Dwayne appears to be rather sweet on Dr. Slate, and the feistier she gets, the more he seems to be attracted. He also seems to be rather touched to have somebody worry about him, and of course their shared love for Rusty creates a bond. But he's shy. He calls her Slate or Doc instead of Erika. When at their first meeting Dwayne seems to be coming on to her (103), when he looks at her gasping for breath with such concern and fear (109), and when he positively glows upon seeing her come to visit him (110), one sees a pattern. When Dwayne goes on "It's not a date!" with Erika, he is at first very embarrassed, but after Erika tells off Dr. Donovan (much to Dwayne's enjoyment), he warms up to her and dances happily, albeit with his fingers barely touching her back and her hand held away from his shoulder (115). This seems to mark a turning point for him, as he begins to flirt gently with Slate on nearly every ep afterward.
The biggest question about Dwayne and his world is what service he is in. We see Dwayne wearing both Army and Air Force-type uniforms. It is my belief that in Dwayne's world the US Air Force is still a corps of the US Army. This seems to be represented by the service flag in Thorton's office next to the US flag.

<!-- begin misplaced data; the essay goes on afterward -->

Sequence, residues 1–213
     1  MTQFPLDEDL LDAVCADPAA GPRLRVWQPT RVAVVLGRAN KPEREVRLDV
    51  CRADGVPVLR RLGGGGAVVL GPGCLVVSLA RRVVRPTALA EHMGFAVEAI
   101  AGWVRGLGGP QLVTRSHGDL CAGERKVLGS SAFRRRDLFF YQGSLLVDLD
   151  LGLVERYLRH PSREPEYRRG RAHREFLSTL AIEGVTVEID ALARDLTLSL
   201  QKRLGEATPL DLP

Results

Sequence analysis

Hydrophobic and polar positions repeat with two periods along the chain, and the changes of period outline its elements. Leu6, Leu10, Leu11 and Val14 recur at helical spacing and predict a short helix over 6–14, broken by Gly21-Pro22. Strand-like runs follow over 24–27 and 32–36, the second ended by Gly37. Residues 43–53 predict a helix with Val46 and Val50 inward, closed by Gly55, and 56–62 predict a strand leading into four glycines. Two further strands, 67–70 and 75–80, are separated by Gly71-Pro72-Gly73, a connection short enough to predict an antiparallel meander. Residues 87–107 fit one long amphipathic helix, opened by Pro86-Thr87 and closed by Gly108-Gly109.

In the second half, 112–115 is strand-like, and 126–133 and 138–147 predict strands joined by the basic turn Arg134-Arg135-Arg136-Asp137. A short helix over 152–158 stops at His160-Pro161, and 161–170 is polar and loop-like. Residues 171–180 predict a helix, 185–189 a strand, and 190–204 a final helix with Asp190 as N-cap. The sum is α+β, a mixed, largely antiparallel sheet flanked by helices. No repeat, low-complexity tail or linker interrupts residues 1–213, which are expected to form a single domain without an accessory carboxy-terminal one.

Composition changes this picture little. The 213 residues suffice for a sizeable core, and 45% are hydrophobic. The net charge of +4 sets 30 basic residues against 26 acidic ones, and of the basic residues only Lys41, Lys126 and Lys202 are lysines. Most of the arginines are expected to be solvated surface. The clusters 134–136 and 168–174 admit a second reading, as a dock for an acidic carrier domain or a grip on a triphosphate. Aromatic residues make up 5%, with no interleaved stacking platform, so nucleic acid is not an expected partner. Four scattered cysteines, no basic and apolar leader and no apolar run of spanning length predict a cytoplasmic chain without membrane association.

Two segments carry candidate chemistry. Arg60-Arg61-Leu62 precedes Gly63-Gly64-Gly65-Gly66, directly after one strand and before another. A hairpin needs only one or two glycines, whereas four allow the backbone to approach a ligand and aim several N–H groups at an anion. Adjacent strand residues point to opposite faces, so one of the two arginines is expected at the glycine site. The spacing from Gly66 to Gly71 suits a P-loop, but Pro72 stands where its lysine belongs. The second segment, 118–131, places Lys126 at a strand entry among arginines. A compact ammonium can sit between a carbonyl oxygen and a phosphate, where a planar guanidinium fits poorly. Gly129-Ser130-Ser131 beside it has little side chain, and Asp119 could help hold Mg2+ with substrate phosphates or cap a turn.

Dwayne has been in the service more than ten years and yet he is still a lieutenant -- at least to all appearances. I believe that if Dwayne quit the service or the BGY-11 Program ended permanently, Dwayne would retroactively be given a higher rank, with all pay and such included. I mean, sheesh, he ought to be a captain or major at least, given that he's saved humanity and all.
Translated from Columbia Tristar's Spanish-language site. This appears to have elements of the comic as well as the series (the multiple BGY-11's of 'Company B', that is).
The human pilot of Big Guy, Dwayne is Rusty's permanent mentor. In his 30 years, Dwayne has flown since his adolescence -- one of those "natural-born" pilots. A career military man, he is an ex-test pilot, veteran of the the Earth War of '99 and one of the original pilots of the BGY-11 program. Dwayne is around 30 years old, has graying hair and is somewhat bitter -- without a doubt because of what he did (or didn't do) with the Big Guy program. When you see him, he is a man without motive, reason or objective who feels like a man without a country; he is always a man with a GREAT secret, who guards it under oath. So, he is an unknown hero of a great war known for its...heroes. If Big Guy comes to be a robust version of John Wayne; Dwayne is Clint Eastwood: a man of few words -- but words that count. Dwayne comports himself with the formal conduct that would be expected of an ex-soldier, and still maintains the fundamental military values of such. He cannot be a rocket scientist like Slate, but he is self-taught in many fields, including computer science.